China jewellery sector bottoms, Chow Tai Fook to benefit -analysts

Fri Jan 11, 2013 5:52am EST

* Analysts expect Chow Tai Fook to benefit thanks to vast network

* Aggressive network expansion, weak gold sales in China remain risks

By Donny Kwok

HONG KONG, Jan 11 (Reuters) - China's jewellery sector is bottoming, and Hong Kong-listed Chow Tai Fook, the world's biggest jewellery retailer by market value, is set to benefit the most from a rebound due to its vast store network, some analysts say.

Chow Tai Fook Jewellery Group Ltd, which competes with Cartier and Tiffany & Co, said late Thursday that revenue grew 4 percent in the third quarter ended December partly due to new points of sale.

With a strategy to open new stores in prime locations, Chow Tai Fook added a net 70 points of sale in the three months, bringing the total to 1,802 as of the end of 2012.

"Revenue growth should pick up over the next six months," CLSA said. "As a clear industry leader, Chow Tai Fook is well-positioned to capture the gradual sector recovery."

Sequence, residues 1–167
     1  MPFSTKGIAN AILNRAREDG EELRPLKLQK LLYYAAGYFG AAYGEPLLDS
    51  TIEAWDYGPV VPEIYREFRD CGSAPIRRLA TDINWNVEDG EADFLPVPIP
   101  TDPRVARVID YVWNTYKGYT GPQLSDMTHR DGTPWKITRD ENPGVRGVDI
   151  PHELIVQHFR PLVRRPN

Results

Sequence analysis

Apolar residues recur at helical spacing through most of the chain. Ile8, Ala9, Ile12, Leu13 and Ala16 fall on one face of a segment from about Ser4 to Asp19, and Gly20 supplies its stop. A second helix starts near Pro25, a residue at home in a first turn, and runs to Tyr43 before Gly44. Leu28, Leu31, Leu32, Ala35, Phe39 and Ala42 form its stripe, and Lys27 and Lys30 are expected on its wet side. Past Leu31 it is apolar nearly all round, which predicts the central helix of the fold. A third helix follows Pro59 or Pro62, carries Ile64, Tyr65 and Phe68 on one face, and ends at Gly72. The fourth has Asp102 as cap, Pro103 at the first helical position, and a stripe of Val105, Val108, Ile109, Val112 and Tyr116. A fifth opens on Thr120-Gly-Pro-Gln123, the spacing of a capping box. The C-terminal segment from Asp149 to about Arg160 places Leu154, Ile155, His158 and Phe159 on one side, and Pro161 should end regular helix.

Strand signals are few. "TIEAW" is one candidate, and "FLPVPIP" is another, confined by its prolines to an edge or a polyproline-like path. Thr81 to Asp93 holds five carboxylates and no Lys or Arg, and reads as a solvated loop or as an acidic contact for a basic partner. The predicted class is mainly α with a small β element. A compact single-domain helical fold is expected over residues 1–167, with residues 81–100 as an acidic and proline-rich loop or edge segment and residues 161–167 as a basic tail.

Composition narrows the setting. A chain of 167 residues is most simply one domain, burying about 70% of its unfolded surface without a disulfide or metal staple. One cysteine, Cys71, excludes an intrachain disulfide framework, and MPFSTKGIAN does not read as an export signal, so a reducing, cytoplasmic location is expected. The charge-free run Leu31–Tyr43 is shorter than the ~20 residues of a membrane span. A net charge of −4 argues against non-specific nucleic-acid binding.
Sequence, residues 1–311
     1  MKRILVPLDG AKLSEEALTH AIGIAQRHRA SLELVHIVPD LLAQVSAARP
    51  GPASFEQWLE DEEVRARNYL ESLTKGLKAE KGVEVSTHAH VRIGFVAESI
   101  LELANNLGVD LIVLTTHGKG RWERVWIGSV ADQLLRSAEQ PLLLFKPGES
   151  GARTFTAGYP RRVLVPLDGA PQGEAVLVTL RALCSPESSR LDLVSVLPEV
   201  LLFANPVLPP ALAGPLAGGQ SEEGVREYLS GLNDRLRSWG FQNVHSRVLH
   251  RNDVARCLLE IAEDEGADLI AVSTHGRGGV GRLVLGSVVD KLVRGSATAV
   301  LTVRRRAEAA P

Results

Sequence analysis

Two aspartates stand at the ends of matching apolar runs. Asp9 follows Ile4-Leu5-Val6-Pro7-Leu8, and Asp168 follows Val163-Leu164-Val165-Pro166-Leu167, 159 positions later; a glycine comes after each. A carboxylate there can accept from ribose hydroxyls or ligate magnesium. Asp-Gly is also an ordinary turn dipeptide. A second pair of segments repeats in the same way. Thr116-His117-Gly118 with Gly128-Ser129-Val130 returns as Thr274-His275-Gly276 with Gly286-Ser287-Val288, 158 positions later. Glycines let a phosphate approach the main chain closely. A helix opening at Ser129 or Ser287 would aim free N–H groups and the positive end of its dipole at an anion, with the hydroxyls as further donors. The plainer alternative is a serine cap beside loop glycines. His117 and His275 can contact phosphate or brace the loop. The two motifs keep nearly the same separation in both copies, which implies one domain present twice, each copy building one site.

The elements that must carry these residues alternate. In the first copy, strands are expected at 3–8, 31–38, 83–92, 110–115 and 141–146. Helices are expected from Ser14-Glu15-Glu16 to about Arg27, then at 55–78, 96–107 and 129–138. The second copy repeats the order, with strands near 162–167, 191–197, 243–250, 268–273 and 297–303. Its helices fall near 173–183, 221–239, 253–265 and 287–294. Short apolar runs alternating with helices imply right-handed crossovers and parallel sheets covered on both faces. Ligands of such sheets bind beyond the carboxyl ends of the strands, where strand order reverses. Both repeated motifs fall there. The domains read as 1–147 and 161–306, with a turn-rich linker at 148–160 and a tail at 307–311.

Yet, Chow Tai Fook warned it anticipated sales growth in the fourth quarter to remain slow though stable as the economy had not fully recovered and that the luxury market pickup was slow.

Despite the company's lacklustre outlook, some analysts were holding a more positive view.

"The worst quarter is behind the company and the pace of growth is likely to gradually re-accelerate in the coming quarters driven by technical factors as well as demand recovery," Bank of America Merrill Lynch wrote in a note.

Other industry watchers said aggressive network expansion and weak gold sales in China remained potential risks.

Shares of Chow Tai Fook fell 1.2 percent on Friday, lagging a 0.4 percent decline in the benchmark Hang Seng Index.

Smaller rival Luk Fook Holdings (International) Ltd dropped 1.2 percent and Chow Sang Sang Holding International Ltd declined 1.4 percent.

"Chow Tai Fook is the market leader in the long term. However, the current aggressive store expansion along with weak gold sales in China remain potential concern," Terence Lok, an analyst at Oriental Patron, wrote in a research report.

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